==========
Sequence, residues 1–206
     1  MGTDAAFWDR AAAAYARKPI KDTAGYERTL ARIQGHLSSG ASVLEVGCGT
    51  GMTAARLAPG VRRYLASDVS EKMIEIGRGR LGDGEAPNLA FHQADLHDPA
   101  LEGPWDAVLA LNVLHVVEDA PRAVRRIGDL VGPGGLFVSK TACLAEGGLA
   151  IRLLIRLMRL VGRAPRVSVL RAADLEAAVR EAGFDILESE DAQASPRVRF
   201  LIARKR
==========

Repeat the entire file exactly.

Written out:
Sequence, residues 1–206
     1  MGTDAAFWDR AAAAYARKPI KDTAGYERTL ARIQGHLSSG ASVLEVGCGT
    51  GMTAARLAPG VRRYLASDVS EKMIEIGRGR LGDGEAPNLA FHQADLHDPA
   101  LEGPWDAVLA LNVLHVVEDA PRAVRRIGDL VGPGGLFVSK TACLAEGGLA
   151  IRLLIRLMRL VGRAPRVSVL RAADLEAAVR EAGFDILESE DAQASPRVRF
   201  LIARKR